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Trans-Tenon's Retrobulbar Triamcinolone Acetonide Injection for Macular Edema related to Branch Retinal Vein Occlusion
  1. Takahiro Kawaji (kawag{at}white.plala.or.jp),
  2. Akiomi Takano,
  3. Yasuya Inomata,
  4. Nina Sagara,
  5. Keiichiro Iwao,
  6. Masaru Inatani,
  7. Mikiko Fukushima,
  8. Hidenobu Tanihara
  1. Kumamoto University Gratuate School of Medical Sciences, Japan
  2. Kumamoto University Gratuate School of Medical Sciences, Japan
  3. Kumamoto University Gratuate School of Medical Sciences, Japan
  4. Kumamoto University Gratuate School of Medical Sciences, Japan
  5. Kumamoto University Gratuate School of Medical Sciences, Japan
  6. Kumamoto University Gratuate School of Medical Sciences, Japan
  7. Kumamoto University Gratuate School of Medical Sciences, Japan
  8. Kumamoto University Gratuate School of Medical Sciences, Japan

    Abstract

    Background: To evaluate the safety and effectiveness of trans-Tenon’s retrobulbar triamcinolone acetonide (TA) injection for macular edema associated with branch retinal vein occlusion (BRVO).

    Methods: We reviewed the medical records of 50 consecutive patients with macular edema associated with BRVO who were treated with trans-Tenon’s retrobulbar TA injection (20 mg) as initial treatment for at least 12 months follow-up period. Foveal thickness determined by optical coherence tomography, visual acuity, intraocular pressure (IOP) and cataract progression were measured.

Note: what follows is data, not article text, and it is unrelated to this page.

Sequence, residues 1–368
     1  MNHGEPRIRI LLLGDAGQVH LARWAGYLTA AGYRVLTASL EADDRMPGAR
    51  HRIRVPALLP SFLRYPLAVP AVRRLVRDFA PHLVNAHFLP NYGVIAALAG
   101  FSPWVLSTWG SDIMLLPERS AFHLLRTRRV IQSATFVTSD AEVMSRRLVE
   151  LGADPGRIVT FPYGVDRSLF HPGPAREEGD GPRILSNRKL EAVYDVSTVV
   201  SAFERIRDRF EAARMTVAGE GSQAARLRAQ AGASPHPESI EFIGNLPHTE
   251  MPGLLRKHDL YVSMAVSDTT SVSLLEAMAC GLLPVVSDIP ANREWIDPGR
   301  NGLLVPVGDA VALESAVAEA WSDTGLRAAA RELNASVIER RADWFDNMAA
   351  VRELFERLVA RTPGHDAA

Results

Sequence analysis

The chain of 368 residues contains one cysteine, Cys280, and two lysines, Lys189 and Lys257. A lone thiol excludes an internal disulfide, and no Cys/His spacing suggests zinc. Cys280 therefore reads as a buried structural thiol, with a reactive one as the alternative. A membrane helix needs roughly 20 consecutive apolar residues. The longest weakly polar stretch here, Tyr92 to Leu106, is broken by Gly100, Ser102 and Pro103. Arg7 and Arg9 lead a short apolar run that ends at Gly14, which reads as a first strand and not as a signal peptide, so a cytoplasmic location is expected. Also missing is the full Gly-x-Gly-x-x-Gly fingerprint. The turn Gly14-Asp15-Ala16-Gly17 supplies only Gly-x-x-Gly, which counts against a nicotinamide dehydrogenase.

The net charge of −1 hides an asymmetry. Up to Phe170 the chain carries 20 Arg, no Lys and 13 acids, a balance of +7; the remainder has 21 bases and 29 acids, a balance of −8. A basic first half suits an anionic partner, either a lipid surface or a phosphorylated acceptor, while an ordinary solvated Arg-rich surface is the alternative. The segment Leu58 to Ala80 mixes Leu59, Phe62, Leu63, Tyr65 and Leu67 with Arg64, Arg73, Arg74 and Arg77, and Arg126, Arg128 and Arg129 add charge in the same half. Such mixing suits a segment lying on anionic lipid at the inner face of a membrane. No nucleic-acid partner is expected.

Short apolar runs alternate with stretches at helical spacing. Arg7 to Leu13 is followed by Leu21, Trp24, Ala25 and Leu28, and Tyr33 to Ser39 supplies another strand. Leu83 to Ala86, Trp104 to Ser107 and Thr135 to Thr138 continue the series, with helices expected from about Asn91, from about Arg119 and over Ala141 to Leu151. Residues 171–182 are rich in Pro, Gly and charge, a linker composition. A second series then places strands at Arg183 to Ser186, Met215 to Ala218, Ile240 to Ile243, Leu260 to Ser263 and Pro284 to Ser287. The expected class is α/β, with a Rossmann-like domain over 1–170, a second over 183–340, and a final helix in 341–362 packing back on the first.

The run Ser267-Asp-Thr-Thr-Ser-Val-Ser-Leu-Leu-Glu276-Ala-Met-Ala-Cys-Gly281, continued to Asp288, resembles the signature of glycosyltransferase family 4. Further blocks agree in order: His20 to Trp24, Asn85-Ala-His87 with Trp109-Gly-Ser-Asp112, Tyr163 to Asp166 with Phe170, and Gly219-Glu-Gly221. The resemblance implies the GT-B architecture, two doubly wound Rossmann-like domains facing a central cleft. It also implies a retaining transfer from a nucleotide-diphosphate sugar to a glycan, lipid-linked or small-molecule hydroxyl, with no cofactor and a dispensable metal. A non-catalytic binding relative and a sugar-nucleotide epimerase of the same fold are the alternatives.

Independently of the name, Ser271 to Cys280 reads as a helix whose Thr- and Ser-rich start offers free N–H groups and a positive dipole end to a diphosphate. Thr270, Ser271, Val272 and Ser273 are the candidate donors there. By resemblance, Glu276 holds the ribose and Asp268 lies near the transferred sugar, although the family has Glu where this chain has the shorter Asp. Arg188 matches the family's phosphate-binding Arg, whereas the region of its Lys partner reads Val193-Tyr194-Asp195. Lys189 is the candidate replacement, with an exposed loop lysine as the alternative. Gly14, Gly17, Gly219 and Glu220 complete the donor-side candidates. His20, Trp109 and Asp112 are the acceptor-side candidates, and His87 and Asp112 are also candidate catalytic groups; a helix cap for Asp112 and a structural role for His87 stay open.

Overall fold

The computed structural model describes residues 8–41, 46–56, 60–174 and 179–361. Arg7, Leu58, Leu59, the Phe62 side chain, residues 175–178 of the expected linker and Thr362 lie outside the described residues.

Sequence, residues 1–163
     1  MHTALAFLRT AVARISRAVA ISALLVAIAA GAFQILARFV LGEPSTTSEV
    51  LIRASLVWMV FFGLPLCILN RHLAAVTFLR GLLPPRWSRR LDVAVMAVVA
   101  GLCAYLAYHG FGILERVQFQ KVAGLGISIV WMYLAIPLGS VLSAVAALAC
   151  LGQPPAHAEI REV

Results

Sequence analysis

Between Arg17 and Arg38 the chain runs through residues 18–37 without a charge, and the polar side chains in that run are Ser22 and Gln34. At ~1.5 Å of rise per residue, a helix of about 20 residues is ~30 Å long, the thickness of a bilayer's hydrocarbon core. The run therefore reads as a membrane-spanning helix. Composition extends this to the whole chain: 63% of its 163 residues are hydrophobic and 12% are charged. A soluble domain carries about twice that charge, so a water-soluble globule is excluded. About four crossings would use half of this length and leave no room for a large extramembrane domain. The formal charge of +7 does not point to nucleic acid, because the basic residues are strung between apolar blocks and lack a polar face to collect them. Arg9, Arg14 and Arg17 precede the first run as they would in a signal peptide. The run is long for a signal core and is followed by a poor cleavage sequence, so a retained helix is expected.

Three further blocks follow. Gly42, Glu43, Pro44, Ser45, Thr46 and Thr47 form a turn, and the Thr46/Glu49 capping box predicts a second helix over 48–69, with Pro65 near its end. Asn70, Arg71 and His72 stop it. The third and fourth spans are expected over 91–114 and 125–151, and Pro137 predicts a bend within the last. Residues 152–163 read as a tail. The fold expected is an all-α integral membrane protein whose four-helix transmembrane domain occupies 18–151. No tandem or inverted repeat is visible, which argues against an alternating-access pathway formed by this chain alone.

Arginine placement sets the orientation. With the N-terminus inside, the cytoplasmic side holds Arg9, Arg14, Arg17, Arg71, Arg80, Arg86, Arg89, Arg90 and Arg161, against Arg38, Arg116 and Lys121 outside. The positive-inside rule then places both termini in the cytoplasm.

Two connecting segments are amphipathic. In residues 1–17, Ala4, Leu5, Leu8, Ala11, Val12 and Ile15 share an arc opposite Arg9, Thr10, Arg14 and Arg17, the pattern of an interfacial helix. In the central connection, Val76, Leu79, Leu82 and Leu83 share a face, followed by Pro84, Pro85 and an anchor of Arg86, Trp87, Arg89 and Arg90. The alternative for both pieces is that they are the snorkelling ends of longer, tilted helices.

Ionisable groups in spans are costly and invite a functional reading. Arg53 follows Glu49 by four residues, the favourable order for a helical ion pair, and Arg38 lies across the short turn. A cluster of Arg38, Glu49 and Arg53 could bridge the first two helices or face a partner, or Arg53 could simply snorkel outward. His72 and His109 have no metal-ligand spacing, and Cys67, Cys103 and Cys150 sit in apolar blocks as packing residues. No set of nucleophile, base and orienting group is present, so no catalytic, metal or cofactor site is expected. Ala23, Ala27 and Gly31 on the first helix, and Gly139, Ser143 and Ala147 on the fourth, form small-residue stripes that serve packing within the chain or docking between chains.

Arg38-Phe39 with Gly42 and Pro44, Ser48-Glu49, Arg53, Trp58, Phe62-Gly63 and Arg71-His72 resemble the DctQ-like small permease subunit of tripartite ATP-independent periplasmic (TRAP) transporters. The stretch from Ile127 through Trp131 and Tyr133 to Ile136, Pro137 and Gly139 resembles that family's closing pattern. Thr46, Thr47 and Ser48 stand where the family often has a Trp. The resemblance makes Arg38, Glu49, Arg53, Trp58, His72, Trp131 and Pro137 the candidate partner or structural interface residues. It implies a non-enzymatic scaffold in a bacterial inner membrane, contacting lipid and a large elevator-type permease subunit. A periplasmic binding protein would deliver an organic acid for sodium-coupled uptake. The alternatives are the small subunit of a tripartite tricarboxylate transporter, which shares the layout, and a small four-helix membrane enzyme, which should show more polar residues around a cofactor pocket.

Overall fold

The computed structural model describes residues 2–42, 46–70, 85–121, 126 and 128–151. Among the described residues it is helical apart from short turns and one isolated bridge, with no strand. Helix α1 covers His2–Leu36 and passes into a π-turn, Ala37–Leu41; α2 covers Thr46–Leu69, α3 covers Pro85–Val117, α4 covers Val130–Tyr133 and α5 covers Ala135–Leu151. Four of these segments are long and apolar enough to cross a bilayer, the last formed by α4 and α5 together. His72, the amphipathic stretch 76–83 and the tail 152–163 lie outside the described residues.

Results: The mean duration between edema onset and TA injection was 4.9 months. Foveal thickness decreased significantly at 3 months after injection (P <.0001). Furthermore, percent reduction in foveal thickness in eyes with posterior vitreous detachment (PVD, n = 23) was significantly greater than that without PVD (n = 27, P = .003). Improved visual acuity by at least 0.20 logMAR was seen in 22 eyes (44%; 11 eyes with PVD and 11eyes without PVD). After completion of the 3-month follow-up, 29 eyes (58%) needed additional treatment including TA injections or pars plana vitrectomy (PPV). PPV seemed to be effective for macular edema resistant to TA. IOP elevation and cataract progression occurred in less than 10% of all patients.

    Conclusions: Trans-Tenon’s retrobulbar TA injection appeared safe and relatively effective for macular edema associated with BRVO. In eyes resistant to TA injection, PPV may be effective as an adjunctive treatment.

    • branch retinal vein occlusion
    • macular edema
    • trans-Tenon's retrobulbar injection
    • triamcinolone

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